While energy and the environment got relatively short shrift at the presidential debate, the candidates’ positions nonetheless came shining through. Case in point: the implicit reference to Solyndra, the failed solar company that got a federally guaranteed loan — and the role of new energies and cleaner fuels in the 21st Century.
The Democratic nominee said during the debate that the country could “deploy a half billion more solar panels,” underscoring her commitment to the New Energy Economy and toward defeating the negative effects of climate change. And while the Republican nominee Donald Trump had tried to say that he has never denied the existence of climate change — that is false as is he has called it a ‘hoax’ being perpetrated by the Chinese — he made a point of bringing up the failed solar maker without calling it by name.
“She talks about solar panels,” Trump retorted. “We invested in a solar company, our country. That was a disaster. They lost plenty of money on that one. … Now, look, I’m a great believer in all forms of energy, but we’re putting a lot of people out of work. Our energy policies are a disaster.”
A disaster? Let’s look at the facts. The federal loan guarantee program has a total portfolio of $35 billion. The total number of defaults has amounted to about $750 million, which was mostly attributed to Solyndra that lost $535 million. But the loan program, which was never designed to turn a profit but rather, to enable promising start ups, has taken in about $810 million in interest payments. Therefore, it has made $30 million, says the US Department of Energy.
The notion that investing in the solar market is a waste of taxpayer money is a popular one among those who espouse pure free market thinking — that markets will embrace those technologies and fuels that are proven and effective, as opposed to those that are propped up. Others will counter that the federal government has long been involved in energy markets and has provided both research and development as well as outright tax benefits and subsidies to all fuel forms.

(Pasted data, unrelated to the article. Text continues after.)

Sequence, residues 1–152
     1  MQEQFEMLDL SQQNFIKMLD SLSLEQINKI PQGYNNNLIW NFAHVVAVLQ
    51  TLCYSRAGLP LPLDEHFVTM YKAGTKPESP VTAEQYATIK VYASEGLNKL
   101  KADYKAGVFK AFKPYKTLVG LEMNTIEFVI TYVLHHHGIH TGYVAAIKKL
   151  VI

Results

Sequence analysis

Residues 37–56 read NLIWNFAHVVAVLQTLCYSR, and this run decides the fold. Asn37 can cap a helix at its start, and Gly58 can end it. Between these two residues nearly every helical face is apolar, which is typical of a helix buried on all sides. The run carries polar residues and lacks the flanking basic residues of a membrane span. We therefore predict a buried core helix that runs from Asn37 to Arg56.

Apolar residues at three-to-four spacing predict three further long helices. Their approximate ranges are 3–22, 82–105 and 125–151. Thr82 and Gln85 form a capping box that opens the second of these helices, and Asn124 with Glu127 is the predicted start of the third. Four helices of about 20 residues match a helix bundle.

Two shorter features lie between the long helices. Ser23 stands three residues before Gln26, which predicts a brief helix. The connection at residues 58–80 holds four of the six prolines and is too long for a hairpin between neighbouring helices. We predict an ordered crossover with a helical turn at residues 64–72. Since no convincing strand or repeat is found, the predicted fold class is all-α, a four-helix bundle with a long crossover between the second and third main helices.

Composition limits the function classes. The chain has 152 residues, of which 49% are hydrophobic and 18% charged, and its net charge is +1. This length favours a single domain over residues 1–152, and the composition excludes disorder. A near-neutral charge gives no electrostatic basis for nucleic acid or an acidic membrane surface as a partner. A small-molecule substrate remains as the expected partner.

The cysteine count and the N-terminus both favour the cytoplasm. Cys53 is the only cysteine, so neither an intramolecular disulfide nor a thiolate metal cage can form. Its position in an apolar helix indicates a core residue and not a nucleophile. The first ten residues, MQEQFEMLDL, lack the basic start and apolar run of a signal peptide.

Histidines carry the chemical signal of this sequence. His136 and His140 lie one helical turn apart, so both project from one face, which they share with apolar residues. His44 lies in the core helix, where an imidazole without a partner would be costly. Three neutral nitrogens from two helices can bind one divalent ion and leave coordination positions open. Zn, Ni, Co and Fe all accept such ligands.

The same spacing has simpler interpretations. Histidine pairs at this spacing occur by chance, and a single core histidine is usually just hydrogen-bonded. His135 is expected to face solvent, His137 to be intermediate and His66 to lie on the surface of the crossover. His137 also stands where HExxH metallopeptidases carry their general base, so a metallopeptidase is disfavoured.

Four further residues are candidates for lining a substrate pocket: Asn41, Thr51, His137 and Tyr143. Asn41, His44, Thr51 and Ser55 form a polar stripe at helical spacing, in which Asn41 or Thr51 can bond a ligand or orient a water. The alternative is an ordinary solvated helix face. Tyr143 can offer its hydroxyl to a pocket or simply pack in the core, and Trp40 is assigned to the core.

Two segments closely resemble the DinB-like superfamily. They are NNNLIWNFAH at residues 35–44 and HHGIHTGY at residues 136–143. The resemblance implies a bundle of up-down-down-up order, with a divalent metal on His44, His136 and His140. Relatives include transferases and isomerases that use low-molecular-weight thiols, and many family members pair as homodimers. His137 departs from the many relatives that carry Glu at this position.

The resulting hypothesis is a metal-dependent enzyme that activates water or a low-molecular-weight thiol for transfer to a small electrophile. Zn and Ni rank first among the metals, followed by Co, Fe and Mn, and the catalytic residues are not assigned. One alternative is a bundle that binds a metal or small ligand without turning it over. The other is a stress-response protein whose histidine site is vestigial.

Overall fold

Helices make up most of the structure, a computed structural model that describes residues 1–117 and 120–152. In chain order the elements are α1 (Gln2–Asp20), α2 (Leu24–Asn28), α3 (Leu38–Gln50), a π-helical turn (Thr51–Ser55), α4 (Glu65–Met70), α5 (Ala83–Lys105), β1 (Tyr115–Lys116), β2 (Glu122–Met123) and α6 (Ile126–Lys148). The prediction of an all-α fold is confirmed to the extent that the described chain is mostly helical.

To that end, the solar market is gaining traction. Just how big is it here? GTM Research says that more than half of all utility-scale solar plants in 2016 will be built irrespective of state mandates. Utility-scale refers to those centrally-located projects that aggregate thousands of solar panels and that must ultimately connect to the transmission grid, with the power most often being sold to other utilities.
According to the firm, the U.S. will install more than 6,000 megawatts of non-renewable portfolio standard utility-scale solar in 2016. That’s compared to the roughly 4,000 megawatts installed in 2015. Still, the growth potential for onsite rooftop solar for homes and businesses is also enormous, largely because of the falling price of solar panels.
GTM Research says that utilities are procuring green power because it has value. That is, it is fairly priced and it is displacing fossil-fueled energy at the most expensive time of the day, which helps offset carbon emissions. At the same time, power companies are able to lock-in prices over several years, which is also giving the project developers a guaranteed income so that they can build.
“More and more utilities have been procuring solar as a hedge against other fuel prices,” says Colin Smith, an analyst with GTM. “These are now largely voluntary procurements.”
The partisan divide over government’s role in energy markets is as bitter as ever, especially now that one candidate has planted her fate with lower-carbon fuels while the other is vested with the more traditional industrial economy. In the end, markets — and indeed, voters — will decide which direction they want to head.